The Best of H.P. Lovecraft: Bloodcurdling Tales of Horror and the Macabre Paperback – 1 Oct 1982
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From the Inside Flap
This is the collection that true fans of horror fiction have been waiting for: sixteen of H.P. Lovecraft's most horrifying visions, including Lovecraft's masterpiece, THE SHADOW OUT OF TIME--the shocking revelation of the mysterious forces that hold all mankind in their fearsome grip.
"I think it is beyond doubt that H.P. Lovecraft has yet to be surpassed as the Twentieth Century's greatest practitioner of the classic horror tale."
About the Author
Almost completely ignored by the mainstream press during his lifetime, H. P. Lovecraft has since come to be recognized as one of the greatest writers of classic horror, on a par with Edgar Allan Poe, Lovecraft's mentor. H. P. Lovecraft's work has been translated into more than a dozen languages, his tales adapted for film, television, and comic books, and he has been the subject of more scholarly study than any other writer of horror fiction save Poe.
Top customer reviews
Every story herein deserves it own review, frankly. "The Rats in the Walls," "The Dreams in the Witch-House," and "In the Vault" (one of my favorites) offer traditional horror tales full of Lovecraftian atmosphere. "The Outsider," perhaps the least satisfying read, is an allegorical tale reflecting an isolated individual's view of society and of himself. "The Silver Key" is a solid representative of the dream-myth stories of the author's earlier years and serves as an introduction to Lovecraft's heroic character Randolph Carter. "The Colour Out of Space" is a singular, science fiction/horror tale counted by Lovecraft himself as one of his favorites. "The Picture in the House" is perhaps Lovecraft's most efficiently horrifying story ever, "The Music of Erich Zann" is an unforgettable tale touching on the great secrets of the unknown, and "The Shadow Over Innsmouth" sensationally evokes the horror and depths of influence by unseen agents on this earth. These stories effectively set the stage for the Cthulhu Mythos tales, of which the remaining stories form an integral part. "The Call of Cthulhu" and "The Dunwich Horror" herald the full manifestation of Lovecraft's cosmic horror and describe the ambivalent agency of incomprehensible outside forces on mankind. "The Haunter of the Dark" and "The Thing on the Doorstep" highlight even more mysterious access points of the unknown into man's consciousness. I must give special attention to my two favorite Lovecraft tales: "The Whisperer in Darkness" and "The Shadow Out of Time." Much of the action detailed in the first of these stories is related to the reader by way of letters exchanged between an isolated scholar in the hills of Vermont and the narrator, an expert in folk tales who is compelled to believe the ancient stories of alien influences he once preached against. We see no action first-hand until the latter pages, when the protagonist finally visits his correspondent in Vermont and is presented with facts and examples proving the reality of advanced alien life forms; the evolving conclusion of the tale is perhaps predictable to a degree but the final revelation remains quite effective nonethless. I consider "The Shadow Out of Time," written very near the end of Lovecraft's too short life, to be his masterpiece, and it does effectively tie together many of the themes of cosmic horror and alien influence he devoted so much of his time to. A learned man loses almost five years of his life to amnesia, during which time a wholly secondary personality controls his body and masquerades as his old self. After he returns to his body, he continually dreams of a strange world in which he is a "monster" setting forth a record of earth's history. When he discovers a buried megalithic structure underneath the Australian desert corresponding exactly with his dream-images, he is faced with the realization that he underwent a transfer of consciousness with a Great Race of beings who garnered knowledge of space, time, and the universe eons before man's forebears crawled out of the earth's hot oceans.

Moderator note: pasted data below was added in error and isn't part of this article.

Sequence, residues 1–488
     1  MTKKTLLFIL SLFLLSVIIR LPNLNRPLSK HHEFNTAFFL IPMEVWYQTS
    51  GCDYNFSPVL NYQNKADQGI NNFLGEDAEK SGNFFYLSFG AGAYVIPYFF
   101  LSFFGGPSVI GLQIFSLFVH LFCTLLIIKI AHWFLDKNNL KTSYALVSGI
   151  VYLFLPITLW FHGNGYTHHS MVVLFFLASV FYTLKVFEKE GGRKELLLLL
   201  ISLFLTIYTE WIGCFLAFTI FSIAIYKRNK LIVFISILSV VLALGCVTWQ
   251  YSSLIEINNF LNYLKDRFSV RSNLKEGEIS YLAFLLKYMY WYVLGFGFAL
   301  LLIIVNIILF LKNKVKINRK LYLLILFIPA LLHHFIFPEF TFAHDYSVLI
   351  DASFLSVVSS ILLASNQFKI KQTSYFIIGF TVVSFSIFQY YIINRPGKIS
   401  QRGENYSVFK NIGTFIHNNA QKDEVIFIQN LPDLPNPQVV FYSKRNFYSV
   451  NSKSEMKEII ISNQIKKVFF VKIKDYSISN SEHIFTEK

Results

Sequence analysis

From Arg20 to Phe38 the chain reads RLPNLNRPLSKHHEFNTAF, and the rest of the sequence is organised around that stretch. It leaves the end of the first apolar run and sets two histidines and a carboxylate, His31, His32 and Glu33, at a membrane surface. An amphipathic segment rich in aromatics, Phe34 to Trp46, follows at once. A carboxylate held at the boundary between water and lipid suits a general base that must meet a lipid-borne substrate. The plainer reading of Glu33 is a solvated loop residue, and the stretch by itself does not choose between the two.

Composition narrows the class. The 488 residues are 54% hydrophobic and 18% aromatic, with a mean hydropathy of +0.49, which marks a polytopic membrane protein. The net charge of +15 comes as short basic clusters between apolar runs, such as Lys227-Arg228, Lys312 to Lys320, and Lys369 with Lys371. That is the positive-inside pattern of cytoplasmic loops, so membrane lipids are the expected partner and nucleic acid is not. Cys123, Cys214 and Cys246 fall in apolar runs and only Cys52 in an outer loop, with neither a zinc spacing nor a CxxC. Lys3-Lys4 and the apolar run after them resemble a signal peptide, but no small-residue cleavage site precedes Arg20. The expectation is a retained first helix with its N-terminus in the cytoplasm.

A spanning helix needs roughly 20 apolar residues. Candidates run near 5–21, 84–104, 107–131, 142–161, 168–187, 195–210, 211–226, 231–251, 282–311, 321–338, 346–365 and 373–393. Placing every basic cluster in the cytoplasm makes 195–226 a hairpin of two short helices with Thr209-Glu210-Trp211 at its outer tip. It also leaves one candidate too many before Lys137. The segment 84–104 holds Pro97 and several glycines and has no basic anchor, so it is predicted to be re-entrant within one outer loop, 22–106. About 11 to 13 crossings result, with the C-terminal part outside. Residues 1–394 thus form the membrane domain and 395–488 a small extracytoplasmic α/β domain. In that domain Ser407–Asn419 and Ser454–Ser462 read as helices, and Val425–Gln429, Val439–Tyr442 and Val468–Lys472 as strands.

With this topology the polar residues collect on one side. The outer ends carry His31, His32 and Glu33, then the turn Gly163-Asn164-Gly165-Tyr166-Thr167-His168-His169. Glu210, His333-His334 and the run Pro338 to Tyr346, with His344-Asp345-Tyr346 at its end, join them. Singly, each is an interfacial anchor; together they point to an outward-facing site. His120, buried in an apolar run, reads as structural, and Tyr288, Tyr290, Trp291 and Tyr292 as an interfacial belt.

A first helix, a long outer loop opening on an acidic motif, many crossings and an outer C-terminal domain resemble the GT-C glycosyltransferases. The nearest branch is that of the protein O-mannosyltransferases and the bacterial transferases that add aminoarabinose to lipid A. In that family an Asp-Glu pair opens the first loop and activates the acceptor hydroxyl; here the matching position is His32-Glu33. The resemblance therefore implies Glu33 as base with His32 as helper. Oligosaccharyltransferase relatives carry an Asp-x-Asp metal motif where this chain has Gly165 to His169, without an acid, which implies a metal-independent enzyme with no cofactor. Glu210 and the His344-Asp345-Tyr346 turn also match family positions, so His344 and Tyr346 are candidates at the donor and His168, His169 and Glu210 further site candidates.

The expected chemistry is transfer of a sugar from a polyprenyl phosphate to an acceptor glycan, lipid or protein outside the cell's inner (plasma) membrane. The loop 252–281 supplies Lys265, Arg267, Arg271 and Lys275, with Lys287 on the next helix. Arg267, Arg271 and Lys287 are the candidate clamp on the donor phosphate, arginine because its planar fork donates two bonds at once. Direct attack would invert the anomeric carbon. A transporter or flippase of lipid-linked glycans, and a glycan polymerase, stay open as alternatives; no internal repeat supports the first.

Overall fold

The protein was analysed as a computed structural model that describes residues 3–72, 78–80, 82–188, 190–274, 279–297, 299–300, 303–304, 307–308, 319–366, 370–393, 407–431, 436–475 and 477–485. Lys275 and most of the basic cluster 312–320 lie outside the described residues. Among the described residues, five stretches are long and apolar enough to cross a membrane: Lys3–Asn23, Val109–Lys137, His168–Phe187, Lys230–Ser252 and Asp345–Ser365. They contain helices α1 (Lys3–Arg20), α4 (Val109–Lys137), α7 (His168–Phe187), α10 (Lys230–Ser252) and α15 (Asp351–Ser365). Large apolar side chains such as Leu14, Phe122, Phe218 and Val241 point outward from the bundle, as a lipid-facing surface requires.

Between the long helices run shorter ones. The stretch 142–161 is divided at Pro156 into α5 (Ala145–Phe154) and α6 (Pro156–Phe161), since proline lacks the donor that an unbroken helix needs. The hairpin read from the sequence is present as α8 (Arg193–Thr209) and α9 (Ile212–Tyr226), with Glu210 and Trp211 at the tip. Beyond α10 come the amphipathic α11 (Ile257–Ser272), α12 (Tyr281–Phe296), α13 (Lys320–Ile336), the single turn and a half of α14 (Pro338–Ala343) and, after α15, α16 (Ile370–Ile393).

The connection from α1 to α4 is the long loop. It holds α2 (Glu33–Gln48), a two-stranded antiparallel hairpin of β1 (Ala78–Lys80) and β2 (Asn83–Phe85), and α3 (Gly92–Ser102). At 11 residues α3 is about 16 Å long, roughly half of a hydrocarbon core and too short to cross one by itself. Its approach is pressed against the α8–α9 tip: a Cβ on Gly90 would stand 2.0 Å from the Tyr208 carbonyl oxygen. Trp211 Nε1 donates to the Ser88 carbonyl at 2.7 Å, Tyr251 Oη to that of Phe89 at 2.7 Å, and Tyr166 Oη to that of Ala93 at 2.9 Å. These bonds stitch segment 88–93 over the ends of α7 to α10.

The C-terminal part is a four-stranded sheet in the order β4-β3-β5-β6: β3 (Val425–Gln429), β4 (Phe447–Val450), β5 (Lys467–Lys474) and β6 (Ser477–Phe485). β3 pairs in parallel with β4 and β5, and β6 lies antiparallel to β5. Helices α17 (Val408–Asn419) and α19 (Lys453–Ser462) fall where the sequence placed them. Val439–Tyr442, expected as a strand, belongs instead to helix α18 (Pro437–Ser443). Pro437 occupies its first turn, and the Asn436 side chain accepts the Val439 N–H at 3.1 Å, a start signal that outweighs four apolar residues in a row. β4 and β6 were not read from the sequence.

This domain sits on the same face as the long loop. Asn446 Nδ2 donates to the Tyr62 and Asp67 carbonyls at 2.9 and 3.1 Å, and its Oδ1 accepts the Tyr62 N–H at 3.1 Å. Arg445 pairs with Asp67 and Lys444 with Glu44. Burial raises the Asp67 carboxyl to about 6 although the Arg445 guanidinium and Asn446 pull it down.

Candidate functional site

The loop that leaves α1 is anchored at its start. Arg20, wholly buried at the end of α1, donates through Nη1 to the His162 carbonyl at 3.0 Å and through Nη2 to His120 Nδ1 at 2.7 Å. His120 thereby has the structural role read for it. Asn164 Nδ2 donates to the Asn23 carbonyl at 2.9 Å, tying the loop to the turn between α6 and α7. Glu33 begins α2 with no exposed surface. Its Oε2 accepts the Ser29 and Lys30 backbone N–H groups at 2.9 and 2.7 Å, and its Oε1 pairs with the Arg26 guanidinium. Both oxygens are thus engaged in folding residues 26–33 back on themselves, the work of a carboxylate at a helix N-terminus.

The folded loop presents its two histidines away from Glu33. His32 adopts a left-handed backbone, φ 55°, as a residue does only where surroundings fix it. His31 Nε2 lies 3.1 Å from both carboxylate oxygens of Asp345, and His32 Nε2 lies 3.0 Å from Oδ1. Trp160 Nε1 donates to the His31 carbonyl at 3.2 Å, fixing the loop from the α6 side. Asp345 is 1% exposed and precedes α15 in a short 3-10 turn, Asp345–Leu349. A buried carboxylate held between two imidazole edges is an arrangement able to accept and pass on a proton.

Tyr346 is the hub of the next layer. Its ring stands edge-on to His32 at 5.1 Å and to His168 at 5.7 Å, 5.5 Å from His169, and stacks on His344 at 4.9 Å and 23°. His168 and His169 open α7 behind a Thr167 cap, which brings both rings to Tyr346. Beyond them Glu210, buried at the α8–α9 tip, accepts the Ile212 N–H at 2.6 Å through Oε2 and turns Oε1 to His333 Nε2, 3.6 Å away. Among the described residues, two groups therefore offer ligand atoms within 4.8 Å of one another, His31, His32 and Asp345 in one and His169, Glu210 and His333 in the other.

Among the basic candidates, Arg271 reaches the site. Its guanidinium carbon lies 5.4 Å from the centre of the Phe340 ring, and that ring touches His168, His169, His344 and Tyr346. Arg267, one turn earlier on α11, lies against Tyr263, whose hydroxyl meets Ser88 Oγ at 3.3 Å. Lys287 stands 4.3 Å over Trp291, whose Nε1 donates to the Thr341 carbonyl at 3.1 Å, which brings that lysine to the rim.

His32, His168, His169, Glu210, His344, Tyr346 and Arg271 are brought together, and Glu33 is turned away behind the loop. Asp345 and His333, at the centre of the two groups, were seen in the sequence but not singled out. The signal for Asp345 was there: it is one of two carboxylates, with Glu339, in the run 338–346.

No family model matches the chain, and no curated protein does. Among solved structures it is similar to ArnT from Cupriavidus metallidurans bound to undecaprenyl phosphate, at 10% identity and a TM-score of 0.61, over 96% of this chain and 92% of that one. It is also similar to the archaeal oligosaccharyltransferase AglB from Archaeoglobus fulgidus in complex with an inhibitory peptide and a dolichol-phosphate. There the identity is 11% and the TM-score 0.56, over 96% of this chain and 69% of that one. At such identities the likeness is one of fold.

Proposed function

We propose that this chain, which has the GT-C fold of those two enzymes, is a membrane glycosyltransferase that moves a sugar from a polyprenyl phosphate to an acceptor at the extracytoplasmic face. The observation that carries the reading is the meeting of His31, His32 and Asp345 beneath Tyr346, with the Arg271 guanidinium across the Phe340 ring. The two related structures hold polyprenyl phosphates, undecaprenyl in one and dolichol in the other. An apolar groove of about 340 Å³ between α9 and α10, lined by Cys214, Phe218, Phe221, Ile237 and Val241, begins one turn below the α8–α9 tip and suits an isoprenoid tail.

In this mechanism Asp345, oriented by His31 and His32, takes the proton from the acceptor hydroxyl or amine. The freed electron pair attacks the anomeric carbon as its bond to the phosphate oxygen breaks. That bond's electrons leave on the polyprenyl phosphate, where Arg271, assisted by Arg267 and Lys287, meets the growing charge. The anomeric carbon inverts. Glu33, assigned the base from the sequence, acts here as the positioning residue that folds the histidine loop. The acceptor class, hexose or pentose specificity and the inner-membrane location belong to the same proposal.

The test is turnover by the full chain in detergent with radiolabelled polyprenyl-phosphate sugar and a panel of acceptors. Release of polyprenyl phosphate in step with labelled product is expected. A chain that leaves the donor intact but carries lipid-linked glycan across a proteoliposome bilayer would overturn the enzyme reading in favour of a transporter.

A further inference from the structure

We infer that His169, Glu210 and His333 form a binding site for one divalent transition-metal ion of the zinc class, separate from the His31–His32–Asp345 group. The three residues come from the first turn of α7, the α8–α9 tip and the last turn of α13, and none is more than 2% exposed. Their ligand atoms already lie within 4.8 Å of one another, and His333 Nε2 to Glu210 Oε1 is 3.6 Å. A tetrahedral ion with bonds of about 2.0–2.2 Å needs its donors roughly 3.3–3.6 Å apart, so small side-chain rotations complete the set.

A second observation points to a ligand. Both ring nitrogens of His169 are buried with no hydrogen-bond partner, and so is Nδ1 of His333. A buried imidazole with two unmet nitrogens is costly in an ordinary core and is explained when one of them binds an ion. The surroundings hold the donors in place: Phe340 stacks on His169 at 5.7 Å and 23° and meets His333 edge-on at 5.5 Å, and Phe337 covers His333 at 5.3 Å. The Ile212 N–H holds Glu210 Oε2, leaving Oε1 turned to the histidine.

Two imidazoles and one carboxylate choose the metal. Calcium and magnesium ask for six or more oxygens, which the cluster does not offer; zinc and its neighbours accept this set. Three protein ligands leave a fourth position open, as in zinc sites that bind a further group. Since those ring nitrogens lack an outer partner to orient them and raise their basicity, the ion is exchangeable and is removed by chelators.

I've only had this book for a few days now, but already i'm hooked. The book comprises 16 of Lovecraft's tales, each of varying lengths. Some are very short (The picture in the house, The outsider) but this is great as they can be read in an evening, just before you switch your light off and go to sleep - if you can!!! I read 'the rats in the walls' last night and then was up for an hour trying to ignore a strange creaking at the foot of my bed!!!
Can't wait to begin some of the longer, and more renowned tales like 'The dunwich horror'.
I heartily recommend this volume as a great introduction to the man and his works. There is an excellent forward by Bloch which helps you to understand the author's background and history.
Lovecraft has a great antiquated writing style which really adds to the arcane feel of his tales. First rate stuff 5*
Thematically, his range is rather narrow; he developed a mythos involving primordial beings that lurk in Earth's depths and occasionally intrude into the present world. Almost all his work is a variation on that. Oddly (and ironically, given his name) erotic or romantic elements are entirely absent from his writing. It is as if he were asexual. His great strength is in his style, which is unfailingly elegant and has a musical quality to it. He was a great Anglophile and often employs British English spellings and usages. He is a pleasure to read, and has a unique voice and vision. All lovers of fantasy or horror fiction, or of fine writing, should sample Lovecraft.
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